can be used to specify a lower bound. In combination, the two can be used to
specify a range. ]

Perhaps a typo : "cardinality" (or "owl:cardinality") instead of "range" ?


-> section 5.1

[

 <owl:Class rdf:ID="ConsumableThing" />

  <owl:Class rdf:ID="NonConsumableThing">
    <owl:complementOf rdf:resource="#ConsumableThing" />
  </owl:Class>

The class of NonConsumableThing includes as its members all individuals that
do not belong to the extension of ConsumableThing. This set includes all
Wines, Regions, etc ]

Is a wine non consumable ? Anyway, when I searched in wine.owl for further
examplification I couldn't find the above definitions. I found it in
food.owl, only to discover it was not a subclass of PotableLiquid. If it is
a modelisation choice, it looks strange.


-> appendix C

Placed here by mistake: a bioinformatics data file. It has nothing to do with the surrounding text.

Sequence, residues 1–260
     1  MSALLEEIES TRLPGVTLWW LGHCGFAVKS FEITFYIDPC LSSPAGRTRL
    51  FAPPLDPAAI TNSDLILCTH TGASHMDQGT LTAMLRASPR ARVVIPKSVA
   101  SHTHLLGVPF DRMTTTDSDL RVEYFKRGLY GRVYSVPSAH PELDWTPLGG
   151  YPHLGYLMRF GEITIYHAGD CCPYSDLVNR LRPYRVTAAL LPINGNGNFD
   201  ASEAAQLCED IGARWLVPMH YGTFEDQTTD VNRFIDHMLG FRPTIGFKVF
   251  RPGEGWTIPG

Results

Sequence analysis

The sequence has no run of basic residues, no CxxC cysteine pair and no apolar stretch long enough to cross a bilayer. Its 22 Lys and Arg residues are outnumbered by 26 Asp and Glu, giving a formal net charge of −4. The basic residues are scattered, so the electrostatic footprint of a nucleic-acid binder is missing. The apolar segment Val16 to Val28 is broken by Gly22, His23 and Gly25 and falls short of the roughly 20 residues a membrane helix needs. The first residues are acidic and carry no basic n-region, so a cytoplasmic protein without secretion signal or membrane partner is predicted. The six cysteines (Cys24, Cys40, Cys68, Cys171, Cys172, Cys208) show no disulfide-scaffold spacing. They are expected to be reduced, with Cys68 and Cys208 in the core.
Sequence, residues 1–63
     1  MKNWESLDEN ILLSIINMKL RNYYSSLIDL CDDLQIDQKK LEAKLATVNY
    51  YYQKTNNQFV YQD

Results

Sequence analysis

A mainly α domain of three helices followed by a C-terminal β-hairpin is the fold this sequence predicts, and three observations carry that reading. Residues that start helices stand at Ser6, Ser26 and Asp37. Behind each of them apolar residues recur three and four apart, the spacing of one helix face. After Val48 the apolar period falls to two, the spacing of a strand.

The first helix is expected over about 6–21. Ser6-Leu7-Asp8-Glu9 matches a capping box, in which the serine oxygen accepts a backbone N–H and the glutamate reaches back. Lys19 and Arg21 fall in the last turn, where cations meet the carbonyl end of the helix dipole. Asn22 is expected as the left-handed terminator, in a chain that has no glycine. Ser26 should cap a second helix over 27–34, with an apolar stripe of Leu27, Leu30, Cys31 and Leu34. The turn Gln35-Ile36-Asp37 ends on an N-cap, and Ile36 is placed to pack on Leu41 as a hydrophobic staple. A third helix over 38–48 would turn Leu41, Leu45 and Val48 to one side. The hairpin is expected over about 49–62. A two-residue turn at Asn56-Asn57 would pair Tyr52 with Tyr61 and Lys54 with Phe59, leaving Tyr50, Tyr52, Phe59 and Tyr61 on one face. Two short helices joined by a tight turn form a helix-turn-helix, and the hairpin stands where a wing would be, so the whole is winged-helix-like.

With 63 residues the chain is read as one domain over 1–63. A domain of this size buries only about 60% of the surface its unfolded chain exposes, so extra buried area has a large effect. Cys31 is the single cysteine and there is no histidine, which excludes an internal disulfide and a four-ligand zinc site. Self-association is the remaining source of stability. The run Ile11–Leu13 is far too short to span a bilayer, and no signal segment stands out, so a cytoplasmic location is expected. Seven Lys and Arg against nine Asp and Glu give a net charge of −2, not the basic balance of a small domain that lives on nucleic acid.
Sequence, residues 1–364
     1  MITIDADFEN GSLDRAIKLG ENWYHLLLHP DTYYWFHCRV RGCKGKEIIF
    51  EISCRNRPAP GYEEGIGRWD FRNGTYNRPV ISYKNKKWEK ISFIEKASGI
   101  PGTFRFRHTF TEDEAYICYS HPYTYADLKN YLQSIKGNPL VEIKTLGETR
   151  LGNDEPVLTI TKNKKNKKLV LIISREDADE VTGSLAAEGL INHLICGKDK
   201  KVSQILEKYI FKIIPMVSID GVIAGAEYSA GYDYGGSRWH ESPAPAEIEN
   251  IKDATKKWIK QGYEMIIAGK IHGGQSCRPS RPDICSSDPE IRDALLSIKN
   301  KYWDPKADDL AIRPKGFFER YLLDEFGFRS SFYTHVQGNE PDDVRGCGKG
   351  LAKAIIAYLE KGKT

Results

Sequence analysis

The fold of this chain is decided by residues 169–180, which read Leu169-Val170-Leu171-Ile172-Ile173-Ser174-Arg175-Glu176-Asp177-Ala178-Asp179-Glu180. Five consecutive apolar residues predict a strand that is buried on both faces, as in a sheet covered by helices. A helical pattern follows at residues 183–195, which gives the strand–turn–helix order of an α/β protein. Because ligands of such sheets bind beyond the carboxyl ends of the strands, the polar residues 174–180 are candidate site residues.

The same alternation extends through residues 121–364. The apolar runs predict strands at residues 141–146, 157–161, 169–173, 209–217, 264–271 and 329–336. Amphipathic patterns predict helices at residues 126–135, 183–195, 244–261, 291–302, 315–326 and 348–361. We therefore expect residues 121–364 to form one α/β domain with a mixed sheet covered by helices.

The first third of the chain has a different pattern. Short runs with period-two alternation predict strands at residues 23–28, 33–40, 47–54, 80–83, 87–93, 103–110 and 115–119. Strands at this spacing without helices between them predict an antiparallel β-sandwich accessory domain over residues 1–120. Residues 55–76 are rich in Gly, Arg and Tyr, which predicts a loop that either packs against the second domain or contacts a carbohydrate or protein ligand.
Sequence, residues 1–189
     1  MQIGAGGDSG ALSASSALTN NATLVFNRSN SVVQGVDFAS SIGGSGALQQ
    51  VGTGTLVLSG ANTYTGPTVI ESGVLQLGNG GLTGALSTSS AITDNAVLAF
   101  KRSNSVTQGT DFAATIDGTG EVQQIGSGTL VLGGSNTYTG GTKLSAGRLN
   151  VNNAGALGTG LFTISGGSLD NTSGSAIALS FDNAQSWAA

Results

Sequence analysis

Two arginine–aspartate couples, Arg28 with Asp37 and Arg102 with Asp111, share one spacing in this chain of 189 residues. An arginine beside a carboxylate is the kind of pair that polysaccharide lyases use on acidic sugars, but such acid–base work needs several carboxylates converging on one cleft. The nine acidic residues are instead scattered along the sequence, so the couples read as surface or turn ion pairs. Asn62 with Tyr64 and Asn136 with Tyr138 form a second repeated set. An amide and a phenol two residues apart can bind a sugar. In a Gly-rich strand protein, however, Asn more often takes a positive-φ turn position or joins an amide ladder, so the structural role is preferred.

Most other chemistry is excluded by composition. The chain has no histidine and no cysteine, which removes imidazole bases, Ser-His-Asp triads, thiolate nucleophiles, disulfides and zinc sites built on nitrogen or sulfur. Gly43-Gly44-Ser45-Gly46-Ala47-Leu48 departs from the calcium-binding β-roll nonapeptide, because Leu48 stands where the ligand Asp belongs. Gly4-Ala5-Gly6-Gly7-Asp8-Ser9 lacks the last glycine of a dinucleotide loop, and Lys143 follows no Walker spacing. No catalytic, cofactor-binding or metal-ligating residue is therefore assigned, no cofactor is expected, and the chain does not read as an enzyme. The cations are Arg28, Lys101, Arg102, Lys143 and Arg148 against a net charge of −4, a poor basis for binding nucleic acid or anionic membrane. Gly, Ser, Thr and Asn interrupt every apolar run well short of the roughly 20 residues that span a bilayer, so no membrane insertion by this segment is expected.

[
<owl:ObjectProperty rdf:ID="&vin;regionOf">
    <rdf:type rdf:resource="&owl;FunctionalProperty" />
    <owl:inverseOf rdf:resource="&vin;hasRegion"/>
    <owl:range rdf:resource="&vin;Country"/> </owl:ObjectProperty> ]

There is a typo. the range is "&vin;region", as it is specified in the
following triple definition :

[
vin:hasRegion owl:range vin:Region.
]


Concerning OWL AS & S

I have not clearly understood the goal of section 4.1 (I must recognize I am
far from being an expert in those matters). If it is to obtain (when
possible) equivalent RDF triples for OWL definitions, why not using RDF
abilities at best ? In particular, could an equivalent for
"EquivalentClasses (D1...Dn)" be
"T(Di) rdfs:subclassOf T(Di+1); T(Di+1) rdfs:subClassOf T(Di),1<=i<n" or
would a RDFS-guru find it really stupid ?

Regards.

Antoine Isaac
Received on Thursday, 17 April 2003 08:57:08 GMT

This archive was generated by hypermail 2.2.0+W3C-0.50 : Monday, 7 December 2009 10:43:27 GMT